“It was so beautiful,” said Linda. “I could see that he had a sense of peace after he accepted Christ.”
Joey died later that night.
“I thought it was my dad who was supposed to receive salvation that day, but it was Joey. My dad and Joey shared that room for only one night, but it was long enough for this miracle of salvation. Dad got better and was able to go home from the hospital, something we never expected. Now he attends church with us and I continue to pray for his salvation.”
So Great a Salvation
By: Greg Laurie, crosswalk.com
How shall we escape if we neglect so great a salvation, which at the first began to be spoken by the Lord, and was confirmed to us by those who heard Him, God also bearing witness both with signs and wonders, with various miracles, and gifts of the Holy Spirit, according to His own will? (Hebrews 2:3–4 NKJV)
About $2 billion worth of lottery prizes go unclaimed each year, according to researchers. (By the way, that isn’t an endorsement of the lottery.) God has given us something far greater than a lottery ticket, something worth far more than millions and millions of dollars. It is salvation.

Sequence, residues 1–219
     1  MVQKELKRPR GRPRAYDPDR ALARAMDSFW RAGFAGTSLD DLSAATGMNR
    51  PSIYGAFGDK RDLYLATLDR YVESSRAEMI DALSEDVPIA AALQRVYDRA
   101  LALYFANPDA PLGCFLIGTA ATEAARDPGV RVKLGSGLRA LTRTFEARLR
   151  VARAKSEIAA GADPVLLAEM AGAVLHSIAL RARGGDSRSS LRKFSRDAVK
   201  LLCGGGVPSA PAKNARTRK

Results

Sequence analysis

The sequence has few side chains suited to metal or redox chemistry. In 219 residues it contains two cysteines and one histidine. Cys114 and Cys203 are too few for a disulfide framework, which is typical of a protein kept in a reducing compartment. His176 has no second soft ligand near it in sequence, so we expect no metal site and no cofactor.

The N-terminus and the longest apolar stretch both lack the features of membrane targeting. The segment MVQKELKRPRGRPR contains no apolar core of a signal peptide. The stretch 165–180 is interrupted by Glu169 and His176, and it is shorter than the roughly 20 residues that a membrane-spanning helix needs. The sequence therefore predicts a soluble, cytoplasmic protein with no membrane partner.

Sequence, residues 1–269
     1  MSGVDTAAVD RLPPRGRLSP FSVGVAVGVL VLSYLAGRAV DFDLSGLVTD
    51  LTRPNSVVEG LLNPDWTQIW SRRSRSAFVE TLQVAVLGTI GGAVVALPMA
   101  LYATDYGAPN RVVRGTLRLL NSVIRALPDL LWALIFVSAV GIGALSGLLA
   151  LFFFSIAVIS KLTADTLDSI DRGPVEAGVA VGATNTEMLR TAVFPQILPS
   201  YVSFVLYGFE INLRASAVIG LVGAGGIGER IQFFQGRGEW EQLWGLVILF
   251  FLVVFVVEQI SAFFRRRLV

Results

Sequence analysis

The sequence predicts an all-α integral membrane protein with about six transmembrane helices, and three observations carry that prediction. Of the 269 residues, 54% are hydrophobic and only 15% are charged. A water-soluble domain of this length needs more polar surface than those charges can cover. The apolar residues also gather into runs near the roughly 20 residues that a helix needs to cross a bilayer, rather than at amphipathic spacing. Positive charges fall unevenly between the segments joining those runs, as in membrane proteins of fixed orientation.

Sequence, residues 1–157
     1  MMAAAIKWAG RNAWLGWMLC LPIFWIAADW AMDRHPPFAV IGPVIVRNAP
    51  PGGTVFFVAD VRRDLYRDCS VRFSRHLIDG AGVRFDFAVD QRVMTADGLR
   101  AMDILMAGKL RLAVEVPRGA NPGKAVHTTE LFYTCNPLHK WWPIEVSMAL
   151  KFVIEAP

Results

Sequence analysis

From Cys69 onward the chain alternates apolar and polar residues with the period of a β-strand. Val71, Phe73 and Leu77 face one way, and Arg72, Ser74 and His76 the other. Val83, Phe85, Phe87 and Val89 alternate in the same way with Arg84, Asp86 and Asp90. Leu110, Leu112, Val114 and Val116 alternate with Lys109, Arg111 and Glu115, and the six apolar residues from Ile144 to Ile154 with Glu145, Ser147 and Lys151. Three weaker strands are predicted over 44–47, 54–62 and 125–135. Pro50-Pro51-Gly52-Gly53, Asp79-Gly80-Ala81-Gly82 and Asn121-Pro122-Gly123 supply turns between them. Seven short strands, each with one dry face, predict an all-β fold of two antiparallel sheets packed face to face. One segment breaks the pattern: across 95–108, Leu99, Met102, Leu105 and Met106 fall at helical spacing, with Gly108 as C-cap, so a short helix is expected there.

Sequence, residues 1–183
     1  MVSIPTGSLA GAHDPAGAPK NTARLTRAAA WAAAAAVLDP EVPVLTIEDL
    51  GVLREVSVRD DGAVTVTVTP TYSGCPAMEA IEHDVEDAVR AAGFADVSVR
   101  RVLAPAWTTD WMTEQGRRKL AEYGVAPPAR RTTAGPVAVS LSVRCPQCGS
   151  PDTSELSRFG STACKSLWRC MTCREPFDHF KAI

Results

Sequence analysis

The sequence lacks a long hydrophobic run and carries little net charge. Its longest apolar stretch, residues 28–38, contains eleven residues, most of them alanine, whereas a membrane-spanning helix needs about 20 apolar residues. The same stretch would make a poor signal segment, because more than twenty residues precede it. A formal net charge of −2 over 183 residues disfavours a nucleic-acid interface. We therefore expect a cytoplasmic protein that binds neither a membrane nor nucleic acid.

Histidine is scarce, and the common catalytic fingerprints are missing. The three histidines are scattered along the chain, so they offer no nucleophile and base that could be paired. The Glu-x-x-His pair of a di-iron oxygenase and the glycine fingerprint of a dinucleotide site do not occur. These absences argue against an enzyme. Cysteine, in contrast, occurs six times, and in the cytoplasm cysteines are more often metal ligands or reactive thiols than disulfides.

No wonder the Bible calls it “so great a salvation” (Hebrews 2:3 NKJV). God has placed the righteousness of Jesus Christ into our spiritual bank accounts, so to speak. This is true of every Christian. The apostle Paul wrote, “For his sake I have discarded everything else, counting it all as garbage, so that I could gain Christ and become one with him. I no longer count on my own righteousness through obeying the law; rather, I become righteous through faith in Christ. For God’s way of making us right with himself depends on faith” (Philippians 3:8–9 NLT).
As Christians, we are positionally righteous before God. The day you believed, He removed your sin. He forgave your sin. He forgot your sin. He removed every trace of your sin, and He put the righteousness of Jesus Christ in its place. That is what it means to be justified.
What we want to do is take hold of, or live out, what God has given to us. Sometimes we don’t see the impact of salvation on a believer’s lifestyle or on their choices. They may say, “Yes, I love the Lord,” but then they do things that seem to contradict that. They may say, “Oh yes, I am saved,” but then we wonder whether they really are.
If a person has really met God, there will be evidence in his or her life. If a person has really come into this encounter with Jesus Christ, others will see the results of it.